Beyond the company Fender for which he remained a consultant until 1970 and then on behalf of Music Man and then until his final breath within his last company G&L, Leo Fender, a hard worker, remained the man of research and development, emphasizing at his level the supremacy of research on marketing. Upon his death in 1991, the now omnipotent Fender company, which was no longer contractually bound to Leo Fender, paid homage to him in the international trade press with these simple words: “Thank You!“.

It was the president of Gibson, Theodore McCarty (1909-2001) who was undoubtedly the first to have perceived the danger represented by this newcomer to the business. Thus, if he takes him very seriously, he never hid from the lack of esteem he had for him, considering him at most as an arrogant little inventor, who understood nothing about the art of lutherie. On his end, Fender returned the courtesy to Gibson by qualifying the venerable company as backward-looking, “fuddy duddy old company”, incapable of any new invention for ages. This bantering compliment coming from a Californian in a big check shirt in love with music with redneck accents was enough to offend the slicked-back gentleman from Kalamazoo. To the lèse-majesté crime of a solid-body electric guitar, Leo Fender added irreverence towards his elders.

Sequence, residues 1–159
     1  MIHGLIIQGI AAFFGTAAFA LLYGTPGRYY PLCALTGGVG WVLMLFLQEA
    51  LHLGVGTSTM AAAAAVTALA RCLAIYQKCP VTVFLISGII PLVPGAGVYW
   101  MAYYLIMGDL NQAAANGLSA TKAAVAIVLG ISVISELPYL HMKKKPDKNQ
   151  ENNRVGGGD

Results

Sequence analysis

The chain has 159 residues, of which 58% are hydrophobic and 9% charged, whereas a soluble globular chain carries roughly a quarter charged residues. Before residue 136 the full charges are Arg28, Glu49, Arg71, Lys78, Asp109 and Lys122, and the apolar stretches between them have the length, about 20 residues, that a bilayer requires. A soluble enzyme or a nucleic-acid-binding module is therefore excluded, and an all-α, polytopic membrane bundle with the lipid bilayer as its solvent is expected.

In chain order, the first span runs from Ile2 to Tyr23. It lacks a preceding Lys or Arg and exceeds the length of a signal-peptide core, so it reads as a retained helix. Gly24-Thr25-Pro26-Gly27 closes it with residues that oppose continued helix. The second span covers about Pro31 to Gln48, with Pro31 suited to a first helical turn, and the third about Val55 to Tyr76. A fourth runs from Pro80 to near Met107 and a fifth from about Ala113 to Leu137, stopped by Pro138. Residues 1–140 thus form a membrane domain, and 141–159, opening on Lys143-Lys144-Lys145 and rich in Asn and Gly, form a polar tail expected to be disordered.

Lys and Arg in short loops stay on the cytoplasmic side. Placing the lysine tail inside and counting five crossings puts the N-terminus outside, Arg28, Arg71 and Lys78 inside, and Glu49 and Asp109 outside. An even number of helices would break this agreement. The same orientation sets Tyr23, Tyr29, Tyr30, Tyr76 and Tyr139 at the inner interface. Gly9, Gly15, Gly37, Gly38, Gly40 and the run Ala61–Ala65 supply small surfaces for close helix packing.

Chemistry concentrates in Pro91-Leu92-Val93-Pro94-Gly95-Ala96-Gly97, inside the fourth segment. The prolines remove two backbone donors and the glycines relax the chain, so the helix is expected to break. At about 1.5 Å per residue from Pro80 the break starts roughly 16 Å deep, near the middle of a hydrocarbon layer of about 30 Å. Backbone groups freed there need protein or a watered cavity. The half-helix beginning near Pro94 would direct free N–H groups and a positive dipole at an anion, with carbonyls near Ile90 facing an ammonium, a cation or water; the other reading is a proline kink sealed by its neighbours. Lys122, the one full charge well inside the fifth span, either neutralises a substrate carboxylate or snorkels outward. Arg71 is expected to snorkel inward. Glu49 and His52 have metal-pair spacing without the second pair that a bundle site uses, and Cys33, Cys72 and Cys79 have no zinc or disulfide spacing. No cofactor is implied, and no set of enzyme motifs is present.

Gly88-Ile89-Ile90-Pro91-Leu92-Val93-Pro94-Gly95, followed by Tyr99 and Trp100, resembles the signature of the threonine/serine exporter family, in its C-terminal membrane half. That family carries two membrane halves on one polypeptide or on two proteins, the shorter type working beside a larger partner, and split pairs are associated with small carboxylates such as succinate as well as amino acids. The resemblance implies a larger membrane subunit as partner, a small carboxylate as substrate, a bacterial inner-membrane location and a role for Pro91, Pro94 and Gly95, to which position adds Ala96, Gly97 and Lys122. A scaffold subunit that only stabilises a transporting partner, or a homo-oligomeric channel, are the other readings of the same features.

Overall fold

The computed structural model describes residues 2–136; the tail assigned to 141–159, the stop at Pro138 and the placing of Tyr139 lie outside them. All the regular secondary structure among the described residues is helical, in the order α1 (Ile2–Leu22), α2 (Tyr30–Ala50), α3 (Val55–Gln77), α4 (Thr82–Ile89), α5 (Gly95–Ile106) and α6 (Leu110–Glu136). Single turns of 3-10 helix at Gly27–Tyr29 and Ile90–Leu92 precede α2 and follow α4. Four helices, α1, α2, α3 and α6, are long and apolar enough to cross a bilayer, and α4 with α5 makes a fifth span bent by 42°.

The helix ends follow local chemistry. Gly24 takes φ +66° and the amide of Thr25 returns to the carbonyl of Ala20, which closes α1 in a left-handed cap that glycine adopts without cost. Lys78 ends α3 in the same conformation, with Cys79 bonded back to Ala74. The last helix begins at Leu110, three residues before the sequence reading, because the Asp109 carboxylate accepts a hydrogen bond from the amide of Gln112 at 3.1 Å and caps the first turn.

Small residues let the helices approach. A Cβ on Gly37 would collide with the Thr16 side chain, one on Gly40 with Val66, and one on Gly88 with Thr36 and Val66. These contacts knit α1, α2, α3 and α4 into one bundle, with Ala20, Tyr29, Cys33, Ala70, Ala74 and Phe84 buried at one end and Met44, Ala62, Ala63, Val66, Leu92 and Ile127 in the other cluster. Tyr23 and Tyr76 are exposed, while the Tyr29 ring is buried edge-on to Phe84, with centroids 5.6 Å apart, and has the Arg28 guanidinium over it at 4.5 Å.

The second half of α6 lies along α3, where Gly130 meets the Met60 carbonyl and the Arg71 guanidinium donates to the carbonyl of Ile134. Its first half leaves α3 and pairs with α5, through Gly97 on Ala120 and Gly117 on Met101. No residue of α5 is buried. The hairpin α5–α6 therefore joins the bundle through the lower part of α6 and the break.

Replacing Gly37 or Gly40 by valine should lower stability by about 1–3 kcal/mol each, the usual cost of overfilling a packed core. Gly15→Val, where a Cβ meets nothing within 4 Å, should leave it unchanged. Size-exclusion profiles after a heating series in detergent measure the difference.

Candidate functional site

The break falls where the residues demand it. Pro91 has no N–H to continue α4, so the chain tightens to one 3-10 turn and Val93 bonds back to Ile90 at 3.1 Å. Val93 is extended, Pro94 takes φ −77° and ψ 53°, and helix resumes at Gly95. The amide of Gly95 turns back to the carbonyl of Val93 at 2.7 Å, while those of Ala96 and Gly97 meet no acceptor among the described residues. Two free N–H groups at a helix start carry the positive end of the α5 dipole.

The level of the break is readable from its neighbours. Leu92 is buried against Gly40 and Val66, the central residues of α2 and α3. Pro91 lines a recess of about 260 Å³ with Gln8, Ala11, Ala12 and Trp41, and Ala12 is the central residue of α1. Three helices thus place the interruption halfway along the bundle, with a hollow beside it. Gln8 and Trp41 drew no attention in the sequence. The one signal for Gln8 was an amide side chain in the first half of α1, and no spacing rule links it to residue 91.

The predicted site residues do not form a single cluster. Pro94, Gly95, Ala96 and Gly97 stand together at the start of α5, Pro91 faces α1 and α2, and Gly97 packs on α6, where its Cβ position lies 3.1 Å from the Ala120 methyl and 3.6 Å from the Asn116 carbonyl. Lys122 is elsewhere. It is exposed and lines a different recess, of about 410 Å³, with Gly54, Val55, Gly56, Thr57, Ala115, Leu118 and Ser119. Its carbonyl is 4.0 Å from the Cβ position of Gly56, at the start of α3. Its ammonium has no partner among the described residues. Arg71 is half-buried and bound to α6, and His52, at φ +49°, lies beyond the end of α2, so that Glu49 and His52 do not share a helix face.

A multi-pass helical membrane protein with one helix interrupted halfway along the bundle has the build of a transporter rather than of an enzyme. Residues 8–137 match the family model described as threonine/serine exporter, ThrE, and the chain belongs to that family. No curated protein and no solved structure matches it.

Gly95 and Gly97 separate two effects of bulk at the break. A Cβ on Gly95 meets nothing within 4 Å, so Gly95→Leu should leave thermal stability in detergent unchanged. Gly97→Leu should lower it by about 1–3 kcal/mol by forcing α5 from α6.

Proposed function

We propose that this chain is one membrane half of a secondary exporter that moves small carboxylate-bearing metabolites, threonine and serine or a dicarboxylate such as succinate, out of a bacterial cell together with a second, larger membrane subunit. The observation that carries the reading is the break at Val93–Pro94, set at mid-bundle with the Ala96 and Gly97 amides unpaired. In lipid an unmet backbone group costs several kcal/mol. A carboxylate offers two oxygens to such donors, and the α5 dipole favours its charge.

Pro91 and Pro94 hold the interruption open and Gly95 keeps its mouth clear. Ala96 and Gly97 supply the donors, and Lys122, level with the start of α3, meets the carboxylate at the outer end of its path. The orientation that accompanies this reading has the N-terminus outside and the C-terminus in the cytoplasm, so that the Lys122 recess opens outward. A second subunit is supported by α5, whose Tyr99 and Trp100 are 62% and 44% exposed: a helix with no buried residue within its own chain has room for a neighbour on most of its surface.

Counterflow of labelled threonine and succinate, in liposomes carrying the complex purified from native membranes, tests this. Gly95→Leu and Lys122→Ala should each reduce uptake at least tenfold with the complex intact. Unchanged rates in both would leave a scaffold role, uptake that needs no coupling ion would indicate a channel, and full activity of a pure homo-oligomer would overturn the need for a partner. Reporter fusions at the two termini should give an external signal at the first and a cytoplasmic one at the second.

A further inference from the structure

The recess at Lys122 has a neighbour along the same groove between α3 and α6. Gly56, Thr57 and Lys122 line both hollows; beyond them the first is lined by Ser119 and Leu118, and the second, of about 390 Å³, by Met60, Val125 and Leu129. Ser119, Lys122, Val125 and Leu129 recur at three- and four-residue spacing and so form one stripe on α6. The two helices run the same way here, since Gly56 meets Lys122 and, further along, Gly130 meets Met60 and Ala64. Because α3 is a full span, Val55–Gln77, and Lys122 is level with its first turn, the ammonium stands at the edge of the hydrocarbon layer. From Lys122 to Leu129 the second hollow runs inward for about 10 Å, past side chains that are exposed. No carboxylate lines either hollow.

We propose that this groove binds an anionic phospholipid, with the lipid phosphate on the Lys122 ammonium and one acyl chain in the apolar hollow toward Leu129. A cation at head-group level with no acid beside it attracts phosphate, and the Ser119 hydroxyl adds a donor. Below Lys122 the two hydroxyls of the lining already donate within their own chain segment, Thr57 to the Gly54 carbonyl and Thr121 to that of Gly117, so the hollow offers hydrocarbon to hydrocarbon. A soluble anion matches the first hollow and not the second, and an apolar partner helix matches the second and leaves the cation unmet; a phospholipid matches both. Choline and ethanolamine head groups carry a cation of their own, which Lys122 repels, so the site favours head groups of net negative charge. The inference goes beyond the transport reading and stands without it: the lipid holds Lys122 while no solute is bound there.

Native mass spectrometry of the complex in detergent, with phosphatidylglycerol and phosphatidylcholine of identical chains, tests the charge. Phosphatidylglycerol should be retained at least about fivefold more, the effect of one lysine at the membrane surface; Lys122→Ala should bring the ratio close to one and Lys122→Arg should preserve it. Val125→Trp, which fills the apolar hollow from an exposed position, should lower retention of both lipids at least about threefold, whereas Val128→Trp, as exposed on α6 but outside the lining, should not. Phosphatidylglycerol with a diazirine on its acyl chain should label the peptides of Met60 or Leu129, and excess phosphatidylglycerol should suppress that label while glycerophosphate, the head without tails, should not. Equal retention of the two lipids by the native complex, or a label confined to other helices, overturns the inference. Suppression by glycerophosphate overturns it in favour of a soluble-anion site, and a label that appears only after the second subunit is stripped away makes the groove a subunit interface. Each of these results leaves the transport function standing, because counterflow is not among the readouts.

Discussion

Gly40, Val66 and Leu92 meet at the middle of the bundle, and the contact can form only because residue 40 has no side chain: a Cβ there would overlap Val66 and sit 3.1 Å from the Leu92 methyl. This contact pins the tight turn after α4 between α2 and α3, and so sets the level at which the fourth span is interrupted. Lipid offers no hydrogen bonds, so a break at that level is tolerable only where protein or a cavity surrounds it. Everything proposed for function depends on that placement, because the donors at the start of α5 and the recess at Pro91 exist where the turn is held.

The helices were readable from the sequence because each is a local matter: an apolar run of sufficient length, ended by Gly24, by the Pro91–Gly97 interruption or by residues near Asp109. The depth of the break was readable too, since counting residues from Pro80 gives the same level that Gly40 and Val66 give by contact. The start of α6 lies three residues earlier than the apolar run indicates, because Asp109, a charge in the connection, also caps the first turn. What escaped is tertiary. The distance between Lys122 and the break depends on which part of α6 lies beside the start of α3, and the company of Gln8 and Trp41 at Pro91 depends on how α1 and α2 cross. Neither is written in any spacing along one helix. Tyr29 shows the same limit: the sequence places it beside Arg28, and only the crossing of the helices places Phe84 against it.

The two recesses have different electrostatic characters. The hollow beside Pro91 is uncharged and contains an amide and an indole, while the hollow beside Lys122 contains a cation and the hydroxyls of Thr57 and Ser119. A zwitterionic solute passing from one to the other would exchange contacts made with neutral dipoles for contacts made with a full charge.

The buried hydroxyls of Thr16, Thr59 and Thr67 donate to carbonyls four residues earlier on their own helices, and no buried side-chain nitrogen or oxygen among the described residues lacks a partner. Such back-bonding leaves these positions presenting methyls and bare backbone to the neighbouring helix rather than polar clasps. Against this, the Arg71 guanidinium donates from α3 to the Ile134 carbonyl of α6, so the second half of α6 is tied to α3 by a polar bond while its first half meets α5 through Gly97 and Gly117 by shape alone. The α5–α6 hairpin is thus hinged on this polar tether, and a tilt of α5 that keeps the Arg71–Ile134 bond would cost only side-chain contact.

Indeed, considered first of all the outsider of the game, the famous Fender Esquire marketed from 1950 by Leo Fender had something to shock as an object: a solid-body “analog model” of the steel-string acoustic guitar, a radically innovative concept but which in terms of assembly and finish resembled more rough carpentry work than lutherie. True luthiers, such as Gibson, will not fail to highlight its glaring flaws and its author will initially have to fight hard to impose himself among his peers. The introduction of this new product on the market did not happen without difficulty within the circuit of traditional retailers and it was above all the professional musicians of the world of country and western swing, in particular the essentials Jimmy Bryant (1925-1980), Eldon Shamblin (1916-1998) or Billy Carson (1926-2007), who won an increasing audience at the time over to the solid body guitar, at a time when, between two taunts, the entire business, Gibson in the lead, was still questioning the organological validity of such an approach.

Thus, while the advertising of Gibson models seen in the specialized press and in Guitar Show presented what was then the best in the world of jazz guitar, Leo Fender and John Fullerton paced the Californian roads like good traveling salesmen to meet rural musicians and promote their product with an unusual personal investment; while you wouldn’t imagine for a moment an engineer from Gibson tinkering with the settings of the amplifier used Barney Kessel (1923-2004) in the middle of a Charlie Parker (1920-1955) concert in a New York nightclub, it is not uncommon to see Leo Fender with his nose in the amplifier of a Jimmy Bryant in full performance to change the settings without warning! Worlds apart.